After the death of Lucius the cardinals withdrew to the Monastery of St.
Caesarius where, protected by Frangipani swords, they could elect a pope in
peace. The election was speedy and surprising.
Quickly the cardinals chose, not one of their own number, but Bernard, the
Cistercian abbot of St. Anastasius. He took the name Eugene III. Bernard
Paganelli was born in Pisa. He was a canon of the cathedral there and a high
official when he met St. Bernard. This meant a radical change. He resigned his
high offices to follow St. Bernard, that spiritual pied piper, into a Cistercian
monastery. When Innocent II asked St. Bernard to send Cistercians to Rome, it
was Bernard Paganelli who led the monks to St. Anastasius. There he attracted
many vocations and the monastery was flourishing when Bernard was elected pope.
Eugene was a man of real holiness, humble, kindly, and cheerful. If he was
severe, he was severe on principle as when he deposed the archbishops of Mainz
and York. He accomplished much for the church. He might have done more if he had
not been so troubled by the perennial Roman problem. Eugene had to go to Farfa
to be consecrated in peace. But soon, tired of the excesses of Jordan, the
Patrician, the Romans welcomed the Pope back and agreed to a compromise. The
office of Patrician was abolished. The senate was to remain but to acknowledge
the lordship of the Pope. This did not work well and soon the disgusted Pope
once more left the city. The fall of Edessa. a bastion of the crusader kingdom,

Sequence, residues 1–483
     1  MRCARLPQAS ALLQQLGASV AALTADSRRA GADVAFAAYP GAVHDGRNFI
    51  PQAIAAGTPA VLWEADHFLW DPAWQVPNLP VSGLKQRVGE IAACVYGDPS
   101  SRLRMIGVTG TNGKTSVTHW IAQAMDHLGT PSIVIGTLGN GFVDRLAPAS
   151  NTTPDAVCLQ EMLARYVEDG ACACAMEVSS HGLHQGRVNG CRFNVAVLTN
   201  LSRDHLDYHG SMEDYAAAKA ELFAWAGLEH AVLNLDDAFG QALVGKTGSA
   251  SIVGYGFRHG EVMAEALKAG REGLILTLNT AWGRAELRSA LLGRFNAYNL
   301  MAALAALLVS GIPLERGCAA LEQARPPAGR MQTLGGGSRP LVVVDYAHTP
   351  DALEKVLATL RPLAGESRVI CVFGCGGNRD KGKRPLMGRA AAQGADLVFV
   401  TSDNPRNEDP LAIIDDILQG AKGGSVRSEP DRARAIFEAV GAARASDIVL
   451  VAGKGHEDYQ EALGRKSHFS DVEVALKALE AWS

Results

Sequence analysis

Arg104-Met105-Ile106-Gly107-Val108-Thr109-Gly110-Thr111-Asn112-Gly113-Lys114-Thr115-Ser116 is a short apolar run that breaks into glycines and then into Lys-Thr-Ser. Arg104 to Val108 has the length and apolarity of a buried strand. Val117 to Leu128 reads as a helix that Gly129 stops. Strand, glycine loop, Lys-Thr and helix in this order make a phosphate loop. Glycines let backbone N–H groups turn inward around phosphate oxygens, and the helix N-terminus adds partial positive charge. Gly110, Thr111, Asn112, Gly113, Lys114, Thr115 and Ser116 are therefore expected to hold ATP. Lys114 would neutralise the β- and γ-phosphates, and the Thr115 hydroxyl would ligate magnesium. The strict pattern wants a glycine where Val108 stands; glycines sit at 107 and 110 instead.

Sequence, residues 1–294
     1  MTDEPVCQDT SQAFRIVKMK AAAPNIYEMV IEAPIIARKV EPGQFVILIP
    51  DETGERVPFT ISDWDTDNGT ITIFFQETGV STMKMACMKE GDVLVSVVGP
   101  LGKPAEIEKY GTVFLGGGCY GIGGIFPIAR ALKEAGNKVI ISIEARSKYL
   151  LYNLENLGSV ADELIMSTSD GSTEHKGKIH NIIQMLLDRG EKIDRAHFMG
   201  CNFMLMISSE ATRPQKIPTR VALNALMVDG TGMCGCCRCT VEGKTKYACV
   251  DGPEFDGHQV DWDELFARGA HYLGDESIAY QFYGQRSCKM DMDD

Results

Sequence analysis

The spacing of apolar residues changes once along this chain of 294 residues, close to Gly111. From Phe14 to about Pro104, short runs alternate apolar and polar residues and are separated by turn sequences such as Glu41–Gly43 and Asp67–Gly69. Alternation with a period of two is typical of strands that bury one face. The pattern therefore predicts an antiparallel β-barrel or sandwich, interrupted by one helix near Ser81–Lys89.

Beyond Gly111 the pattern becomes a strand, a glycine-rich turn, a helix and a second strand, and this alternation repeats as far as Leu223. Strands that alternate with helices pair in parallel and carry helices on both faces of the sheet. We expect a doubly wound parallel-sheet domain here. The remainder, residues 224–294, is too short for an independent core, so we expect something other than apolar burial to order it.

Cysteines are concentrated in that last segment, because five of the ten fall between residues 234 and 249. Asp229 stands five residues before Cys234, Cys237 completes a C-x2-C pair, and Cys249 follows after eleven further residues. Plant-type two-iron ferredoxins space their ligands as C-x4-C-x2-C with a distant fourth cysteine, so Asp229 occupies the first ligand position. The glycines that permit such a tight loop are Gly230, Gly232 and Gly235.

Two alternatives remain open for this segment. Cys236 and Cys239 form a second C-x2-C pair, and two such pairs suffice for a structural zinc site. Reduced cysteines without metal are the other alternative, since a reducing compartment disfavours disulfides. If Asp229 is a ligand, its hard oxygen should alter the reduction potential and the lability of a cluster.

had alarmed Europe. Eugene proclaimed the second crusade. St. Bernard preached
it. Louis VII of France and Emperor Conrad III were its leaders. Weak leaders
they proved to be. The Germans were cut up in Asia Minor, the French butchered
in a mountain defile. Louis and Conrad reached Jerusalem indeed, but rather as
pilgrims than war leaders. The crusade which had begun in hope ended in
disillusionment. So keenly did Eugene feel this that he left France.
The Pope was active in promoting the spiritual welfare of the church. He
received an embassy from the Catholic Armenians and sent those good people a
letter of instruction. He arranged discussions with the Greeks. He held a
council at Rheims at which the Trinitarian vagaries of Gilbert de la Porree were
condemned. On the other hand the pope approved of the visions of the holy mystic
Hildegarde. Though he had actually been guardian of France during the crusade,
Eugene could not control his own city. Arnold of Brescia, whom the pope had once
pardoned, was now the idol of the factious Romans. Diplomacy and a show of force
enabled Eugene to enter Rome once more in 1149, but he had so hard a time
keeping order that he appealed to Conrad to come down and settle matters. The
Emperor died before he could do so. His nephew and successor agreed to come into
Italy. He was to come many times and the popes would not be pleased. Conrad's
successor was Frederick Barbarossa. Blessed Eugene died at Tivoli July 8, 1153.
He was buried in St. Peter's with great marks of veneration.
Excerpted from "Popes
Through the Ages" by Joseph Brusher, S.J.